Research and Genealogy



Ongoing research into the history of Czech settlers in the Midwest States is one of our key activities.


Through this, we try to make a complete as possible picture of what happened when emigrating, from the start in the Old Country to immigration and to raising the new first-generation Americans on the homestead.

  • Asking for a copy of a birth record is often the first recognizable time point where the emigration started.
  • The travel to point of departure is almost impossible to trace, with luck some references in an old letter may give a clue.
  • Crossing the ocean is becoming easier to investigate thanks to passenger lists.
  • Entering the USA (or Canada) can be traced through immigration and naturalization papers.
  • The first months or years after arrival to the moment of final settlement can sometimes be found back in letters and diaries of individual families, through land records, immigrant obituaries etc.

The results of this research will be shown on these webpages, and also as separate stories and articles in our twice-yearly magazine "Czech Friends" (subscribe here).


In the future, some of the research will also be made publicly available as online database on settlers and immigrants.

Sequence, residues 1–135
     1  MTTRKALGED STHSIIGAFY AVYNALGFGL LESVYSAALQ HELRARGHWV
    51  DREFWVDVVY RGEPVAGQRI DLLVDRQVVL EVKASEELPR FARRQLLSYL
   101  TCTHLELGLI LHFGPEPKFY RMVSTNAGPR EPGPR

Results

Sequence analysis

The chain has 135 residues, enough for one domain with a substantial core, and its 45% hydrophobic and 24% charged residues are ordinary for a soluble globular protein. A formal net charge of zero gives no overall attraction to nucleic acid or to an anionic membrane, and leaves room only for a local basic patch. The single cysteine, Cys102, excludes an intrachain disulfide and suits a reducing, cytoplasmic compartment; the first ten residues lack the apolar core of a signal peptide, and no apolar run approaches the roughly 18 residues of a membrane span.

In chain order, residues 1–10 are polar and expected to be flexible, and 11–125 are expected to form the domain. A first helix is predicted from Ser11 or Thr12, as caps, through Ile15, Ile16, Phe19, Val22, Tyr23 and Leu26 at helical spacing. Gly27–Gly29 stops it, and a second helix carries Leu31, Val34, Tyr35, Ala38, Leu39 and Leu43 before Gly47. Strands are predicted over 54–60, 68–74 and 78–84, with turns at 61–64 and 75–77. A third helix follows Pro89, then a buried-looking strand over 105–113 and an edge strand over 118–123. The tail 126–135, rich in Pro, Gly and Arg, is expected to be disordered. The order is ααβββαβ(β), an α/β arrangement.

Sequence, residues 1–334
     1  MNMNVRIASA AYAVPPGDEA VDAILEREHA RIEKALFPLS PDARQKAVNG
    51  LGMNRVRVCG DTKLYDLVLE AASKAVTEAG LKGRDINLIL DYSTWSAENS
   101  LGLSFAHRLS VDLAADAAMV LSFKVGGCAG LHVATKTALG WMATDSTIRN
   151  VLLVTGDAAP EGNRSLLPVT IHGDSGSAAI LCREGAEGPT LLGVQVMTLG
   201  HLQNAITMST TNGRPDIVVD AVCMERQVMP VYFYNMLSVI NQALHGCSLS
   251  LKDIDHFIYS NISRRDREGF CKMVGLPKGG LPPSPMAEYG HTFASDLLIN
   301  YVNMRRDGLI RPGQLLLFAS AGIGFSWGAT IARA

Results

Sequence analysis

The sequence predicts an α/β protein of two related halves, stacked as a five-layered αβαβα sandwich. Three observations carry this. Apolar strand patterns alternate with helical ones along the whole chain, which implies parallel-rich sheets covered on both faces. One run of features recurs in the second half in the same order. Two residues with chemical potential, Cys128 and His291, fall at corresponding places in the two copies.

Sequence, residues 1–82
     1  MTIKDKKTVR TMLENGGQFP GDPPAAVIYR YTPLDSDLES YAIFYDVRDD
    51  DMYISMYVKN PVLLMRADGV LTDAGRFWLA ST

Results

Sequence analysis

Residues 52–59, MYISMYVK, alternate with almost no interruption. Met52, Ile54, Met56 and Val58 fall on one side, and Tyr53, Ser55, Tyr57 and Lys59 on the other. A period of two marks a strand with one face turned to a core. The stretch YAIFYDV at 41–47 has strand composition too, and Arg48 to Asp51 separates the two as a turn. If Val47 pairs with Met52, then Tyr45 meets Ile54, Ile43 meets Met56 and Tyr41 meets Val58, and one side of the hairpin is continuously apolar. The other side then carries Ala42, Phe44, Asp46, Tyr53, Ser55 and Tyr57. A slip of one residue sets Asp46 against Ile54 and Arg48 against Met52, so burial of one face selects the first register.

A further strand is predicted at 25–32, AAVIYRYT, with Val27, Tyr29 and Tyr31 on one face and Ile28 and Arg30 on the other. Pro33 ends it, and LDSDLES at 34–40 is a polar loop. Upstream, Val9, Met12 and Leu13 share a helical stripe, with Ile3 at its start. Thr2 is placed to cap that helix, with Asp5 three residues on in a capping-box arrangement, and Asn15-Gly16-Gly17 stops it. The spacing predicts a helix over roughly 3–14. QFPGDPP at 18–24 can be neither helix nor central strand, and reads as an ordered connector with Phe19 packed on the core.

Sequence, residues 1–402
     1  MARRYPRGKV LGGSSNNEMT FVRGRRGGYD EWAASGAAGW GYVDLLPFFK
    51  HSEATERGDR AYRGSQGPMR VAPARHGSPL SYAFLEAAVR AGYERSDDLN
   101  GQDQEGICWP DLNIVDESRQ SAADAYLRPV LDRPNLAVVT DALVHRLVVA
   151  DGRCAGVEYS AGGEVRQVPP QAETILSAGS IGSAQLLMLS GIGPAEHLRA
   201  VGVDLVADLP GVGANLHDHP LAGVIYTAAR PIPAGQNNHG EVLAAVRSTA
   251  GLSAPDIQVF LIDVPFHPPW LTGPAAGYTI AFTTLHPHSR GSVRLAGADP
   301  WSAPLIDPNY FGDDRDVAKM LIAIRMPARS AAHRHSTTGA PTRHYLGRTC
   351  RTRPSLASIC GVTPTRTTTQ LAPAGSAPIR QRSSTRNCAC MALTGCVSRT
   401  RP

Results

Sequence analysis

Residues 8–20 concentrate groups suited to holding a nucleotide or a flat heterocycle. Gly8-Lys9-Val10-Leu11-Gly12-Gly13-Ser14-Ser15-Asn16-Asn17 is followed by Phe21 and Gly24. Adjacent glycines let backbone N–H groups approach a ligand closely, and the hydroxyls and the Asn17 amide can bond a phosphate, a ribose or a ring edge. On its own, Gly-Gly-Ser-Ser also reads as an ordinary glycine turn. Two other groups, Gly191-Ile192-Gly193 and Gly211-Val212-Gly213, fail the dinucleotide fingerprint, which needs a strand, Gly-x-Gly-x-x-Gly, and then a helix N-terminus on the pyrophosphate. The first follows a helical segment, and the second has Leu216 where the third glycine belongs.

Register of Briths

The top half of a Register of Birth with records from August 1886. The top row has headers specifying which data should be filled. From left to right first comes the date, then the name of baptizing priest, name of baptized child. The next seven small columns are catholic, non-catholic, male, female, legitimate, illegitimate, and still-born. Then come place of birth, midwife, father, mother, godparents. Sometimes there was another column for remarks, if not, the priest just filled the remarks were was room left.


Staff and associates of the corporation are also working as private genealogy researchers, doing research for individual families. If you are interested in having your family research done, check out the Czech Ancestry genealogy pages



The genealogical research is done by Olga Cerna, Robert Dulfer, and their associates. Although we work also for, and are closely linked to both the Friends of the Rozmberk Society Inc, USA, and the Rozmberk Society, Czech Republic, the genealogical research is done strictly on a private title and the companies are not responsible for the research.




Design by the Bear (Robert Dulfer 2006-2016)